Most people have a rough idea about what plasma is, usually thanks to the plasma TV craze that hit many years ago and has since been replaced by LCDs, but few will know that plasma is actually one of the 4 fundamental states of matter right along side solid, liquid and gas. The transition between a gas and a plasma is done through a process called ionization/deionization which converts the gas into an electrically conductive cloud which can be done by either inducing a large voltage difference or by subjecting the gas to extremely high tempreatures. The following video shows the latter and is a rather cool demonstration of the transition process.
The short run time for sustaining the plasma cloud is simple, given enough time that superheated cloud of carbon atoms would start to melt the pyrex container which would free the plasma to wreck all sorts of havok on the microwave itself. I’m not sure how long it’d last though as it looks like the atomised carbon atoms need to be cluster together for it to work, hence the spool up time require to set up the initial plasma reaction. Indeed if my experiments with bananas are anything to go by (it’s relatively safe but still, I’m not going to recommend you do it) you’d instead get little flashes rather than the sustained cloud.
What really interested me was the hum that was generated as it was pretty regular and I couldn’t really figure out what would be causing it. As it turns out there’s actually a couple things that could be responsible and, interestingly enough, the frequency could change depending on the input frequency of the power source going to the microwave. That link also suggests another, similar experiment with cut in half grapes that’s supposedly a lot safer (although this site argues otherwise) and the results look very similar to my results with bananas. It seems there’s all manner of things you can use to create plasma in the microwave, something I didn’t expect.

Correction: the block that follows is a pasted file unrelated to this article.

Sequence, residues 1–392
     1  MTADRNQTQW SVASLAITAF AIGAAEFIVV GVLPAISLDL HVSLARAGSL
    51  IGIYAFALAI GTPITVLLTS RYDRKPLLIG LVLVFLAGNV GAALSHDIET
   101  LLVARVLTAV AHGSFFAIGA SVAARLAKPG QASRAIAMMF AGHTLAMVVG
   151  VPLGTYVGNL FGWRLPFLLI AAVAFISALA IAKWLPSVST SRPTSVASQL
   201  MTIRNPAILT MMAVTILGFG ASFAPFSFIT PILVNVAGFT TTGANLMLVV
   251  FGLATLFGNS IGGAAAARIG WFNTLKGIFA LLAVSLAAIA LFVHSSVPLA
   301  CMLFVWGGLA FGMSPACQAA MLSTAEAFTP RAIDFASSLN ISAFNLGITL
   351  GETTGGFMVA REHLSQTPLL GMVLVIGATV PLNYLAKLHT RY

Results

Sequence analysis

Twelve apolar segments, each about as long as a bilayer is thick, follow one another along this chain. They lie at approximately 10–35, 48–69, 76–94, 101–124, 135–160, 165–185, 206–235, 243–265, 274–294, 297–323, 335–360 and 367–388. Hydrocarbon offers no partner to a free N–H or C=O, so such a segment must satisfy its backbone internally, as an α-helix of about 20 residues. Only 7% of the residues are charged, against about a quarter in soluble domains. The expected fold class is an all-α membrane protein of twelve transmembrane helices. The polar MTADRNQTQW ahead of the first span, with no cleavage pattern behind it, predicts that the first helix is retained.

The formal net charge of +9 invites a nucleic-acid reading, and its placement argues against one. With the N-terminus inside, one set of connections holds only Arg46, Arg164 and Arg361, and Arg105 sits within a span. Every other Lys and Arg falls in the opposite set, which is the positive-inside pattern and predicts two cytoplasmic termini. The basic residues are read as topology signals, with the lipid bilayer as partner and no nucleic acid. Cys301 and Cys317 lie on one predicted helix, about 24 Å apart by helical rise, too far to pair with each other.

This is one of those experiments that I reckon would be really great for class demonstrations (this is probably also the reason why I shouldn’t be allow to teach science in schools but come on, fire and explosions are awesome!).
No matter which industry you look at these days everyone is trying to go green. The idea in itself is riddled with many challenges as traditional business processes must be reworked in order to reduce the impact on the environment. Whilst the benefits to the company implementing the green technologies are usually intangible I can’t help but wonder about the other side of the coin: those who are selling their products as green solutions.
The climate of the world is changing, we know that for a fact and more evidence is piling up to show that we’re responsible for what’s happening. Whilst the governments of the world fight it out over strategic plans to combat the impact that humans have on the climate many business, in an effort to generate good will, have begun implementing green programs in order to reduce their environmental foot print. This doesn’t stop the green initiatives from costing money however, and the global financial crisis has seen funding dry up for these programs and many corporations looking to save a few dollars will look to their green projects to cut.